Thousands of Bolivian peasant farmers have begun marching on La Paz, calling for ex-President Gonzalo Sanchez de Lozada to be put on trial.
The marchers blame him for the deaths of some 80 people last year in violent protests against government plans to export natural gas.
They also want Congress to give the state more power in the energy sector.
The march comes nearly a year after Mr Sanchez de Lozada, now in exile in the US, was forced to resign by the unrest.
The Bolivian Congress will meet on Wednesday to decide whether to open proceedings against Mr Sanchez de Lozada.
Two former members of the ex-president's cabinet may also face trial.
The marchers, who are being led by coca-growers' leader and opposition politician Evo Morales, are expected in La Paz at the weekend.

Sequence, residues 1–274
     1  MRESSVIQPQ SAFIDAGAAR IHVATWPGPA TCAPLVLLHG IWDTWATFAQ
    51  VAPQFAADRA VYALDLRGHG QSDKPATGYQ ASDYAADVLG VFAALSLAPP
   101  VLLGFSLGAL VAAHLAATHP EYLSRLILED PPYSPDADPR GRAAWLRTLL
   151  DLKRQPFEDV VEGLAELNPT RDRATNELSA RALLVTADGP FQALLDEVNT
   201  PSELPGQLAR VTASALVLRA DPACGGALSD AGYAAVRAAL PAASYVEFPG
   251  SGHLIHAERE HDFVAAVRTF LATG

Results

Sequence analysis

Bolivia has the second-largest natural gas reserves in Latin America, and economists say exporting gas is the only way to pull the country out of poverty.
But Bolivia's impoverished indigenous Indian majority believe the export plan will merely benefit the country's wealthy elite.
They want the gas to be nationalised and made available exclusively to the Bolivian people.
The latest protest over the future of Bolivia's gas industry comes just days before the 17 October anniversary of Mr Sanchez de Lozada's resignation from the presidency last year.
It also comes as his successor, Carlos Mesa, is facing a political backlash against his efforts to defuse the controversial gas issue.
In July, Mr Mesa won a five-point referendum allowing more exports of the country's lucrative natural gas reserves.
But the wording of the referendum was so complicated that the Bolivian Congress has been able to put forward a very different interpretation of what it meant.
The economic development committee has now rewritten the government's draft energy bill, imposing harsher taxes on foreign companies investing in Bolivia's energy sector.
Government ministers have warned that if the bill passes in its present form, it will mean an end to all foreign investment.